KA Okay, yes, I myself identify as a blubbering idiot who would kill someone for a chicken nugget! Do you think some of what we like most about ourselves is the ability to just be absurd sometimes? 

GM Absolutely! It’s a tool for survival. At least it is for me. I metabolize everything in my life through humor, especially now. I mean, we live in hell. We need to find something to laugh at, or else we’d be curled up in a ball with the blinds drawn for the rest of eternity.

​Photo of Greg Mania by Pete San Pedro.

Photo of Greg Mania by Pete San Pedro.

KA What has it been like to launch a book that’s about being Extremely Online in a time where everything has essentially become Extremely Online?

GM I am a professional introvert. It’s been a DREAM. I can go on tour, but I don’t have to leave the house? Please and thank you! That’s not to say launching a book during a pandemic isn’t extremely stressful—it is!—but, you have to understand that EVERYTHING gives me anxiety. If I can shave off the anxiety of being a sweaty mess running through the airport and suddenly becoming overcome with the dread that I forgot to pack my Lexapro and/or Imodium, then I’ll take it.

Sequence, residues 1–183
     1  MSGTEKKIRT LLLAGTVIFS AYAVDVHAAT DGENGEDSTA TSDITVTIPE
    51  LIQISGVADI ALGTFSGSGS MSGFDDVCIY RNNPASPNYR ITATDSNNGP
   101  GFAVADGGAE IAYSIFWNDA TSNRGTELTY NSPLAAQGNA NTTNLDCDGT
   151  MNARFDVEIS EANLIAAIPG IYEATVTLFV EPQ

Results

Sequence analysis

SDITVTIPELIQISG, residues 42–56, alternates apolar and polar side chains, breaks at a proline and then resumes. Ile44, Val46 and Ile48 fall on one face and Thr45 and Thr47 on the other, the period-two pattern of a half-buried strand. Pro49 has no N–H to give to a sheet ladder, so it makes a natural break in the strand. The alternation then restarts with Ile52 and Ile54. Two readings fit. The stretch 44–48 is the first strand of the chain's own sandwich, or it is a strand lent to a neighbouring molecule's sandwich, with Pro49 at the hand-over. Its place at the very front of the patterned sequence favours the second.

KA There’s something about the coming-out process that feels like Sisyphus forever pushing that boulder up a hill. It’s never-ending, and we have to do it over and over and over again. I know we all hate lots of parts about this process, but what’s something that you actually liked about it?

GM This is such a good question; Christiane Amanpour is SHAKING.